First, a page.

House votes to hold Mark Meadows in contempt of Congress over Jan. 6 probe dispute
Lawmakers have been reading aloud from text messages he received about Jan. 6.
The House voted Tuesday night to hold former President Donald Trump's chief of staff, Mark Meadows, in contempt of Congress for defying a subpoena from the House select committee investigating the Jan. 6 Capitol attack to appear for a deposition.
The vote was 222-208, with GOP Reps. Adam Kinzinger of Illinois and Liz Cheney of Wyoming voting with all Democrats.
Meadows is now the first former lawmaker ever held in criminal contempt by Congress -- and the first held in contempt since 1832 -- when former Rep. Sam Houston was held in contempt for beating a colleague with a cane.
The vote sends the matter to the Justice Department, which will determine whether to bring any charges against Meadows, after previously doing so against Trump ally Steve Bannon.
During debate on the floor Tuesday evening, and earlier in the day, in the House Rules Committee, members of the Jan. 6 select committee released new text messages from the tranche of records Meadows had turned over to the committee.
"I heard Jeff Clark is getting put in on Monday. That's amazing. It will make a lot of patriots happy, and I'm personally so proud that you are at the tip of the spear, and I could call you a friend," a text to Meadows from an unknown number read, according to Rep. Adam Schiff, D-Calif.
The new messages further underscored Meadows's importance to the congressional investigation, as a key figure in Trump's orbit who personally participated in discussions about challenging the election results and advocated for voter fraud investigations from his perch in the West Wing.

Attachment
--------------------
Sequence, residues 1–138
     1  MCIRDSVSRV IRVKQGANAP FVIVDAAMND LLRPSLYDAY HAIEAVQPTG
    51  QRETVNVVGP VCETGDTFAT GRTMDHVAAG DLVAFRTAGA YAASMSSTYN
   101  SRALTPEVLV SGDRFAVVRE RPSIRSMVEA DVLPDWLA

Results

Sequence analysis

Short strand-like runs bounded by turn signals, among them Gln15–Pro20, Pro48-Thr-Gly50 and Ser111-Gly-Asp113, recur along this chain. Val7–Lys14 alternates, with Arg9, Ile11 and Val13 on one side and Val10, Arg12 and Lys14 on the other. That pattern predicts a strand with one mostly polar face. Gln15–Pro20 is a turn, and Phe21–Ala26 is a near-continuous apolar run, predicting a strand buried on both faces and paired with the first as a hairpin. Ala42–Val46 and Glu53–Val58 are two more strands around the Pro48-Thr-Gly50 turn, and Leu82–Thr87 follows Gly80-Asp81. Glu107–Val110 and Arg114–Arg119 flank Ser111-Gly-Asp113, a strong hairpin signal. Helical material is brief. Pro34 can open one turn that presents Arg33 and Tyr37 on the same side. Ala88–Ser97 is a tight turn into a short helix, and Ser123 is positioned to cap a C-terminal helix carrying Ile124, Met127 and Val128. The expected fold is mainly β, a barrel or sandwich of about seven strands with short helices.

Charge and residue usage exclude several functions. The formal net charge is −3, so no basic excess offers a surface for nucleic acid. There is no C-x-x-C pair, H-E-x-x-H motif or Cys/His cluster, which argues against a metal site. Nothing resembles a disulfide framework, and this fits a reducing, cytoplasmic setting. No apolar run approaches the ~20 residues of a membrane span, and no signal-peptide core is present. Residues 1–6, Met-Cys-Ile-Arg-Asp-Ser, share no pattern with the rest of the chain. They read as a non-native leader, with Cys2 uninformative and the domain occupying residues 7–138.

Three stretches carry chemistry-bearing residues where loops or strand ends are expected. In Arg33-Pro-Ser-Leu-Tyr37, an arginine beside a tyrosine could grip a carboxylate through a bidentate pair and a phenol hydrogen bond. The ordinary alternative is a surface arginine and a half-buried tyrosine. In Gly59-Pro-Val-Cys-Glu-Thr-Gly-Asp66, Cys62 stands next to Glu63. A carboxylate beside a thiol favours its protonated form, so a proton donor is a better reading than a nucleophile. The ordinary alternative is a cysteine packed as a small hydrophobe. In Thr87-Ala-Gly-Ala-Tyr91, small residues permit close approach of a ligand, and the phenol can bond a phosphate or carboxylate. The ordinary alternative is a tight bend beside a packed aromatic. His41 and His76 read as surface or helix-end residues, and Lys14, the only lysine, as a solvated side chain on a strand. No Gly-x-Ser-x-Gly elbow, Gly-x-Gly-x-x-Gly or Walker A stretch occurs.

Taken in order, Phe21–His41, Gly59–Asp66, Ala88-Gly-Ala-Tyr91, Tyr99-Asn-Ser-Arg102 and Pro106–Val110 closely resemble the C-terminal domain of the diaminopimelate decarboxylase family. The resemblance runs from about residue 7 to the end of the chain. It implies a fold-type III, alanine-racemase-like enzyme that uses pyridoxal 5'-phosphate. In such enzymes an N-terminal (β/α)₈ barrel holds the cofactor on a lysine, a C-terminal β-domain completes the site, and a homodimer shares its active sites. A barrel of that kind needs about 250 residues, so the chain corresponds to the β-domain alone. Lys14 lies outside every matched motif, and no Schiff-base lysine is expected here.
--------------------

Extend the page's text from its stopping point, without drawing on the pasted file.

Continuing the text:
"Mr. Meadows's testimony will bear on another key question before this committee: Did Donald Trump, through action or inaction, corruptly seek to obstruct or impede Congress's official proceeding to count electoral votes?" Cheney, the panel's vice-chair, said Tuesday.
On Jan. 3, Meadows told an unnamed member of Congress that Trump "thinks the legislatures have the power but that the Vp has power too," according to Rep. Pete Aguilar, D-Calif., who read the message about the counting of the electoral votes on the House floor.
On Nov. 4th, an unnamed member of Congress texted Meadows that Republican-led legislatures should "just send their own electors to Congress" to challenge the official results in key states, and allow the Supreme Court to determine how to award the votes and the winner of the election.
Lawmakers on the panel argued that Meadows, despite his deference to Trump's alleged claims of executive privilege, was improperly refusing to appear under subpoena to discuss topics referenced in the materials he already shared with Congress or mentioned in his new memoir.
Meadows turned over some 9,000 documents from personal email accounts and a cell phone to the committee, including urgent text messages from Republican lawmakers imploring him to get Trump to something to stop the violence.
But he then reversed course and refused to appear under subpoena to answer questions about the records he provided.